# Finding optimal mapping patterns that transform relational data into a linear format

I'm trying to upgrade my javascript to be more functional. I have used function composition and curry successful on less complicated code but i'm now running into a point where i'm not sure on how to approach it.

Given the below relational data structures.

// Contains all node types and its property definitions. Including any additional information like readable descriptions etc..

const nodes = [{
id: '0ec7deff-91af-e911-812a-00155d0a5146',
description: 'Airplanes',
properties: [{
id: '0fc7deff-91af-e911-812a-00155d0a5146',
description: 'Weight'
}, {
id: '06c7deff-91af-e911-812a-00155d0a5146',
description: 'Color'
}]
}, {
id: '278182d0-4ba2-4813-b74e-277a2296e864',
description: 'Manufacturers',
properties: [{
description: 'Boeing'
}]
}]

// Contains only the to be used nodes and there relations(defined through children nodes) in the eventual output. The above definitions can be used to pull in additional data.

const rootNode = {
id: '0ec7deff-91af-e911-812a-00155d0a5146',
properties: [{
id: '0fc7deff-91af-e911-812a-00155d0a5146',
}],
children: [{
id: '278182d0-4ba2-4813-b74e-277a2296e864',
properties: [{
}]
}],
}


The rootNode is the starting point. It can contain an infinite amount of children including properties that need to be displayed. Each node needs to be checked for child nodes and be added to the eventual result. For example a linear set to be displayed on the x axis where the properties will be shown on a next row also on the x axis.

[{
id: '0ec7deff-91af-e911-812a-00155d0a5146',
description: 'Airplanes',
properties: [{
id: '0fc7deff-91af-e911-812a-00155d0a5146',
description: 'Weight'
}]
}, {
id: '278182d0-4ba2-4813-b74e-277a2296e864',
description: 'Manufacturers',
properties: [{
description: 'Boeing'
}]
}]


The eventual output will be shown in a 2 dimensional grid or table.

Airplanes     Manufacturers
Weight        Boeing


Or in a more elaborate example if i would provide more data and a larger query.

Airplanes                       Manufacturers
Weight    Color    Type         Boeing    Lockhead


I build a function that works and uses recursion but it just doesn't feel right. I want to pull it apart into smaller units. Note that lodash is used here, hence the shorthands etc.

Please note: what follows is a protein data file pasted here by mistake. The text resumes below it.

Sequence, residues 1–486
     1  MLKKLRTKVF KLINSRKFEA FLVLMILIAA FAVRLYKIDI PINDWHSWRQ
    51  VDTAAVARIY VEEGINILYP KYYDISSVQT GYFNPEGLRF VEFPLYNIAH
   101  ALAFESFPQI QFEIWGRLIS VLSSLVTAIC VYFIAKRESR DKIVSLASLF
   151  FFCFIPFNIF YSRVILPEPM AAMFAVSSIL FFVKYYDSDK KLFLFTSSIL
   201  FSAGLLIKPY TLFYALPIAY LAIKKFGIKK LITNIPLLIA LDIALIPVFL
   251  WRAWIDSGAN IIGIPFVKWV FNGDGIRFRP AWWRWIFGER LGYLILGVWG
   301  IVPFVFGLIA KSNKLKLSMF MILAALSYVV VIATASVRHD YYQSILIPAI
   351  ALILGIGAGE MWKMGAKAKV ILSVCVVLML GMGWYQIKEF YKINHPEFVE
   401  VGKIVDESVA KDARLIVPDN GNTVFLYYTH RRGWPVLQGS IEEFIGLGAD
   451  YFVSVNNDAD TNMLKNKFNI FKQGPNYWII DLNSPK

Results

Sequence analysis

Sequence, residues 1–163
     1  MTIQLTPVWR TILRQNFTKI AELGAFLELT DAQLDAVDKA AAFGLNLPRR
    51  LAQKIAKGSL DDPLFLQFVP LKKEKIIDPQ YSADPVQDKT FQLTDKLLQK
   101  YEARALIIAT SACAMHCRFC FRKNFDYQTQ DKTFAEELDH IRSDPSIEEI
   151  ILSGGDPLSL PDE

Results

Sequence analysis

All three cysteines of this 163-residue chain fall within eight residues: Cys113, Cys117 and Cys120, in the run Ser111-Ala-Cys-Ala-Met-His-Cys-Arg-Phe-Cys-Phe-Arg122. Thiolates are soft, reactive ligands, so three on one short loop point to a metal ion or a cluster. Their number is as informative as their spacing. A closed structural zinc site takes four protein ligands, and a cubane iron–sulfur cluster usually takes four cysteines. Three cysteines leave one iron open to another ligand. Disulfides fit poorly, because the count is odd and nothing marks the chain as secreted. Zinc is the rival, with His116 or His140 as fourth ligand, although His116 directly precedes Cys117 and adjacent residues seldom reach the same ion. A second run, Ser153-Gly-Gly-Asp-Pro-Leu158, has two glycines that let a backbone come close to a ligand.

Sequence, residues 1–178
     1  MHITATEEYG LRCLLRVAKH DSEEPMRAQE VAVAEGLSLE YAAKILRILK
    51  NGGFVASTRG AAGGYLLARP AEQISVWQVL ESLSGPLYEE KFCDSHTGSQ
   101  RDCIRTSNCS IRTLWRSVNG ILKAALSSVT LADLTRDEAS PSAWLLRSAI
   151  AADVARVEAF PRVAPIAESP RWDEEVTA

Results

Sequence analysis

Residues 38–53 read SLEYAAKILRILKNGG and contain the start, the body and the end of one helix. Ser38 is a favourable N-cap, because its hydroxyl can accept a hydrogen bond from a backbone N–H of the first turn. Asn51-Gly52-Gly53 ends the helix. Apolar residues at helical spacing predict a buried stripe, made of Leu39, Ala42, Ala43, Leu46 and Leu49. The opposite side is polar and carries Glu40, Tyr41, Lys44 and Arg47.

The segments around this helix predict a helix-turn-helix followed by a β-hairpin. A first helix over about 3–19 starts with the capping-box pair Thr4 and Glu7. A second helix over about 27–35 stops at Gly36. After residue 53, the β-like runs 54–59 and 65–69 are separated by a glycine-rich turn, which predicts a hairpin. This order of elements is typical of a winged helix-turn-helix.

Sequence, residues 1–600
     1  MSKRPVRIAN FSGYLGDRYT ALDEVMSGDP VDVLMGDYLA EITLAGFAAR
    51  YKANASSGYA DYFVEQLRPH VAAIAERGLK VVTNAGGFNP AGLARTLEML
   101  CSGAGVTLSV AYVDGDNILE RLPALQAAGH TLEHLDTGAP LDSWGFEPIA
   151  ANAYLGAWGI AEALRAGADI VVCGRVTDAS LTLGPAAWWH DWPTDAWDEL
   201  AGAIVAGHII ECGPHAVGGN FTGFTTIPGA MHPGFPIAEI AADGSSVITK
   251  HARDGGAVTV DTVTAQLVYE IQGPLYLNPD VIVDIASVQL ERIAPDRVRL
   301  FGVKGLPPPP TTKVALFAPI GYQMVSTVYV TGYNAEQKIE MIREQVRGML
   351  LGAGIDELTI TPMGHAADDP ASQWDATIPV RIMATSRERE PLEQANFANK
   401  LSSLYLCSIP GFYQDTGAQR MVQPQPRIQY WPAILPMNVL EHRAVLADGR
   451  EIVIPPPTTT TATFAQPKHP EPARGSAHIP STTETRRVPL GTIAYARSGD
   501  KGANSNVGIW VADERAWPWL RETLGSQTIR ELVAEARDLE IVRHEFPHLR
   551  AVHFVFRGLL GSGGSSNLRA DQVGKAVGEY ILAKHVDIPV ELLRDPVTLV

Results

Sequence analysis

function initializeNodeMapper(nodes) {
const result = []

return function mapNodes(node) {
const usedPropertyIds = map(node.properties, 'id')
const currentNode = find(nodes, ['id', node.id])
const nodeWithReducedProperties = reduce(currentNode, (acc, value) => ({
...acc,
properties: filter(value, property => indexOf(usedPropertyIds, property.id) !== -1),
}), currentNode)

result.push(nodeWithReducedProperties)

if (node.children && node.children.length > 0) {
forEach(node.children, mapNodes)
}

return result
}
}

const mapData = initializeNodeMapper(nodes)
const mappedData = mapData(initialNode)


Using functional patterns i want to find a more optimal pattern of mapping and testing the code.

• @200_success Thanks! I've tried describing it a bit better. – ngr Jul 31 '19 at 23:56

Some slight improvements:

• You could do without the result array (less state 🙌).
• I think using vanilla object destructuring is more clear than the lowdash reduce method which is confusing to me (unless I still don't understand it and my code actually is not equivalent to yours 😅).
const allNodes = [
];

const rootNode = {
};

function initializeNodeMapper(nodes) {
return function mapNodes(node) {
const propertyIds = node.properties.map(({ id }) => id);
const currentNode = nodes.find(({ id }) => id === node.id);
const nodeWithFilteredProperties = {
...currentNode,
properties: currentNode.properties.filter(({ id }) =>
propertyIds.includes(id)
)
};

return node.children
? [nodeWithFilteredProperties].concat(node.children.map(mapNodes))
: [nodeWithFilteredProperties];
};
}

const mappedData = initializeNodeMapper(allNodes)(rootNode);


Update:

Are you looking for something like this?

const nodes = [
];

const rootNode = {
};

const pipe = (...fns) => x => fns.reduce((v, f) => f(v), x);

const getFlattenedNodes = node =>
node.children
? [node].concat(
node.children.reduce(
(acc, val) => acc.concat(getFlattenedNodes(val)),
[]
)
)
: [node];

const getPropertyIds = node => node.properties.map(({ id }) => id);

const getNodeWithProperties = nodesWithProperties => node =>
nodesWithProperties.find(({ id }) => id === node.id);

const getNodesWithFilteredProperties = propertyIdsAndNodesToBeFiltered =>
propertyIdsAndNodesToBeFiltered.map(([propertyIds, nodeWithProperties]) => ({
...nodeWithProperties,
properties: nodeWithProperties.properties.filter(({ id }) =>
propertyIds.includes(id)
)
}));

const getPropertyIdsAndNodes = nodesWithProperties => flattenNodes =>
flattenNodes.map(node => [
getPropertyIds(node),
getNodeWithProperties(nodesWithProperties)(node)
]);

const mappedData = pipe(
getFlattenedNodes,
getPropertyIdsAndNodes(nodes),
getNodesWithFilteredProperties
)(rootNode);

• Far more clearer with vanilla! Why did i not think of it before :) I have been thinking of how you could compose a mapper like this through compose or a pipe but i'm not sure if it is even possible. – ngr Aug 1 '19 at 18:22
• That's exactly what i had in mind but could not lay my finger on. Thanks! Your opening eyes. :) So in functional it's perfectly fine to compose recursive functions together? And i see you first call getPropertyIdsAndNodes which returns a function. I had been thinking about that approach but wondered if it would be a proper way of composing. – ngr Aug 1 '19 at 23:40
• > So in functional it's perfectly fine to compose recursive functions together? You mean getPropertyIdsAndNodes? I don't think it's good code, it's a bit hard to read imo. But it's functional 🤷 Feel free to accept the answer if it helped! – Mohrn Aug 5 '19 at 14:57